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Pastor Cheryl Matthews Report


Dear Friends in Christ:

School has started and soon our Sunday School program will be underway here at Christ Lutheran. The Confirmation students and parents have had their orientation meetings for the 7th and 8th Grade class and for the 9th Grade students who will be confirmed in October. The 7th and 8th Grade will be studying the New Testament this year as well as portions of the Catechism. Classes will meet Wednesday afternoons after school. The 9th grade students will be busy meeting with their mentors, writing their Faith Statements, fashioning a Confirmation Stole, and enjoying their Confirmation Banquet with family and friends.

This year, our Sunday School kids will attend church with their parents and stay through the Children's Message. Then they will be dismissed for a learning time together, assisted by adults and some of our student volunteers. We are looking for a wonderful year of Sunday School. Join us for Rally Sunday with a great meal and lots of fun and games on the church lawn. There will be a bake sale as well.

As I think of the days when my own daughters went off to school, I recall some tips that helped them in their academic success. I offer my Top Ten List as you strive to support your child/children in their learning.

#1 - Take and active interest in their learning. Kids are more successful when parents are involved. You show kids you believe what they do is important.

#2 - Know the teachers — and what they're looking for. Attend school events, such as parent-teacher conferences, to meet your child's involved.

#3 - Set up a homework-friendly area. Make sure kids have a well-lit place to complete homework. Keep supplies — paper, pencils, glue, scissors — within easy reach.

#4 - Schedule a regular study time. Some kids work best in the afternoon, following a snack and play period; others may prefer to wait until after dinner.

#5 - Help make a plan. On heavy homework nights or when there's an especially big assignment to tackle, encourage your child break up the work into manageable pieces. Create a work schedule for the night if necessary — and take time for a 15-minute break every hour, if possible.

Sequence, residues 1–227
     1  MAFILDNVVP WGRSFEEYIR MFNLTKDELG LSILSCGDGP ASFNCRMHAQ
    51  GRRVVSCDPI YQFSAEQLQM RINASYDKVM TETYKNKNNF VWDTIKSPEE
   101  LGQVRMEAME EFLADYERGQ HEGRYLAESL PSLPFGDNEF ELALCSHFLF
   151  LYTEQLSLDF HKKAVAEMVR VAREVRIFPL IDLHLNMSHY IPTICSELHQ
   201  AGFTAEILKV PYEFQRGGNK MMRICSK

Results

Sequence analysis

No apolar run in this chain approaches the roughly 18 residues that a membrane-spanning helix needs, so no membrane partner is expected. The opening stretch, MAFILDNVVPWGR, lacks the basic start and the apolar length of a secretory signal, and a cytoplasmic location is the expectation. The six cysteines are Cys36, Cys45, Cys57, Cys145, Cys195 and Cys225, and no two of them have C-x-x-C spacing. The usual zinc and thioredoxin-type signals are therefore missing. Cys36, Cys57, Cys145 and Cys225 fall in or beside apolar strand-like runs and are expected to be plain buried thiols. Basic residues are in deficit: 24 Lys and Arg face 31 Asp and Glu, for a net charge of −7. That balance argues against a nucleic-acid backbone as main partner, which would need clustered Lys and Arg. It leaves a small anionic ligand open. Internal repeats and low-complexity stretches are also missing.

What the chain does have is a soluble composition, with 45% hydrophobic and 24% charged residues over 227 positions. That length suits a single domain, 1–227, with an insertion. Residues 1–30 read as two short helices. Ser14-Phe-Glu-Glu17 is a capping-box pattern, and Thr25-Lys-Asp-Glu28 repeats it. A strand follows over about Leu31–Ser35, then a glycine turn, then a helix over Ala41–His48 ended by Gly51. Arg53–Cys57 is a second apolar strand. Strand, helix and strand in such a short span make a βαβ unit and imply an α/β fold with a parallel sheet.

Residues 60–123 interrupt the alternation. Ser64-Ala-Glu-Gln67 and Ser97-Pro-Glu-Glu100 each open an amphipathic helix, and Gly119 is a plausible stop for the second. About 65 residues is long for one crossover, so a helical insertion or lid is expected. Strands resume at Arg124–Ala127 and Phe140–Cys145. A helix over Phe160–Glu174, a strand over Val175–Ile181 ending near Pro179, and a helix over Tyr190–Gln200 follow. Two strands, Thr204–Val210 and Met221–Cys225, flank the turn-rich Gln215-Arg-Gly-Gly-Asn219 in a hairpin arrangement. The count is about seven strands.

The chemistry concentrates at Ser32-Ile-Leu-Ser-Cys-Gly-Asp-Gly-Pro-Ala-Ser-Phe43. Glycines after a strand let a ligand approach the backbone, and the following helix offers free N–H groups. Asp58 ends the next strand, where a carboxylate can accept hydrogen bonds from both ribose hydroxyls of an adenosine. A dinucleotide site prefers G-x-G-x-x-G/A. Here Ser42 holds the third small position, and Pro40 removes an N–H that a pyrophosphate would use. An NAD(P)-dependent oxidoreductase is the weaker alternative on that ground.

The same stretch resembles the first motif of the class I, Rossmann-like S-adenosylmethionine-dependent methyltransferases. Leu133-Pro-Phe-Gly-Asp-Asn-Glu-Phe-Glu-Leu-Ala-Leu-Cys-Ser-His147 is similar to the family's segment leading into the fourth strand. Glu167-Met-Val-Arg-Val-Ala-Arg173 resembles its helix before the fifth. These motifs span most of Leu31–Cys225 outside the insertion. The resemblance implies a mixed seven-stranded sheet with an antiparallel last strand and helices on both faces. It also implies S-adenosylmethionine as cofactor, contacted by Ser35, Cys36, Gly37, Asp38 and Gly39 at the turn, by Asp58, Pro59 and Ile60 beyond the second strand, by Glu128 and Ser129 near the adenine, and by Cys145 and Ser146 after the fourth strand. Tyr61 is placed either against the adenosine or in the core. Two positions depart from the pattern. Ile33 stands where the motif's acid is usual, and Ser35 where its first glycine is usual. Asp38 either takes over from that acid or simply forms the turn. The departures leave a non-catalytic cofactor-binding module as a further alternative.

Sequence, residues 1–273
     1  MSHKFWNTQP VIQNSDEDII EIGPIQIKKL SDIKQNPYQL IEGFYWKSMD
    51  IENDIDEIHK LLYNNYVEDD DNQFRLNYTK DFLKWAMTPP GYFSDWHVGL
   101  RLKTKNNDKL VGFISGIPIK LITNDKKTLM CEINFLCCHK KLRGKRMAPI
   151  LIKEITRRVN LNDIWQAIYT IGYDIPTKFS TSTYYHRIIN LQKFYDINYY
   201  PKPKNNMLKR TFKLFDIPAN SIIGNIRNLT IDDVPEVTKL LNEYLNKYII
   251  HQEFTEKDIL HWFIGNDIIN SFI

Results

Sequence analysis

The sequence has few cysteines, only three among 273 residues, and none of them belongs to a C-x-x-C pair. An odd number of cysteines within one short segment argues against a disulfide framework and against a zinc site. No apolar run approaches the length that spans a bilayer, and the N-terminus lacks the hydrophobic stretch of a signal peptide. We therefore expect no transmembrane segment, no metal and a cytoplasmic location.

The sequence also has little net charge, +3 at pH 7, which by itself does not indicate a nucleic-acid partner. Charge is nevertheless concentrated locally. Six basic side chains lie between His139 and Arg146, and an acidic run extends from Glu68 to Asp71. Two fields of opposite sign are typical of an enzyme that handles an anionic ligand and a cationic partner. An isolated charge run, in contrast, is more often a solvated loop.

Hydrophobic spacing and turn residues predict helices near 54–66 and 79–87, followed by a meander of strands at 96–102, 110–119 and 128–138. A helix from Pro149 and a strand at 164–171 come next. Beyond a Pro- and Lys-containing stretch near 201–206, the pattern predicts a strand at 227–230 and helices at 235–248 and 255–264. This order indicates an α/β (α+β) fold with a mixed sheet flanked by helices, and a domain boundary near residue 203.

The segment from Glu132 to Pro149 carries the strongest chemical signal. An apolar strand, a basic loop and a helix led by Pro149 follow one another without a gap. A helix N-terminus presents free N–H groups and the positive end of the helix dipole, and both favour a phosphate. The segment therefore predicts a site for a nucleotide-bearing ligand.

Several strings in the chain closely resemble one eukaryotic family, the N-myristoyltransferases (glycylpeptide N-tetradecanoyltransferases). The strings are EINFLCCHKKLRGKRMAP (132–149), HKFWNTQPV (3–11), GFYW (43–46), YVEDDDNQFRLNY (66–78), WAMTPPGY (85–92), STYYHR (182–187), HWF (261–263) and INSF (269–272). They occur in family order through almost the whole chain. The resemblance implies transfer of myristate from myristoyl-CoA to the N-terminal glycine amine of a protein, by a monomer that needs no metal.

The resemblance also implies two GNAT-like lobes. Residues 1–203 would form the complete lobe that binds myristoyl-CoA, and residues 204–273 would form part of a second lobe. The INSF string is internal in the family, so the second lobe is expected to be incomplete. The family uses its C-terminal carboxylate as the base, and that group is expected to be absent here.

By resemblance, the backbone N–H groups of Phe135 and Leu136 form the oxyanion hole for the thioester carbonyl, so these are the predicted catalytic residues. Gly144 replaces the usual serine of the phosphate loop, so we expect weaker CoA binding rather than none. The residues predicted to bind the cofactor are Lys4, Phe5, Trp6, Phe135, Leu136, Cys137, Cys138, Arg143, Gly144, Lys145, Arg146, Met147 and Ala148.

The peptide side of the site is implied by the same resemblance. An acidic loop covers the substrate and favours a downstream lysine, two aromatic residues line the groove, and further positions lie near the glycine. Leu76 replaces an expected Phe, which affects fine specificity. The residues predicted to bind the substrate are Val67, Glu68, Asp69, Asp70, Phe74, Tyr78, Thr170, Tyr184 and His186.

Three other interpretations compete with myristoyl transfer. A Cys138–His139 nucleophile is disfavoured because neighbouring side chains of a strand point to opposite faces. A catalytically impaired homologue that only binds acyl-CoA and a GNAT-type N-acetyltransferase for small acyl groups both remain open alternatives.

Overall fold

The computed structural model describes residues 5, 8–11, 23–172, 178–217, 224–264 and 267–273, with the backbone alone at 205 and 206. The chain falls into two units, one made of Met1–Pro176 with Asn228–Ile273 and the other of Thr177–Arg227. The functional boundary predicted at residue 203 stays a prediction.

#6 - Keep distractions to a minimum. This means no TV, loud music, or phone calls. (Occasionally, a phone call to a classmate about an assignment can be helpful.)

#7 - Make sure kids do their own work. They won't learn if they don't think for themselves and make their own mistakes. Parents can make suggestions and help with directions. But it's a kid's job to do the learning.

#8 - Be a motivator and monitor. Ask about assignments, quizzes, and tests. Give encouragement, check completed homework, and make yourself available for questions and concerns.

#9 - Set a good example. Do your kids ever see you diligently balancing your budget or reading a book? Kids are more likely to follow their parents' examples than their advice.

#10 - Praise their work and efforts. Post an "A-ced" test or art project on the refrigerator. Mention academic achievements to relatives and friends.

If you child has continuing problems with homework, do ask for help. Discuss the issues with your child's teacher. Some kids have trouble seeing the board and may need glasses; others need an evaluation for a learning problem or an attention disorder. The key is to interested, invested, and involved.

That's what we are seeking here at Christ Lutheran - a partnership of learning with parents and their children. Come, worship with us, learn with us, experience the love and grace of God in Christ Jesus in the community of faith that we share together. Let’s have a great year.

In Jesus’ love and service,
Pastor Cheryl L. Matthews


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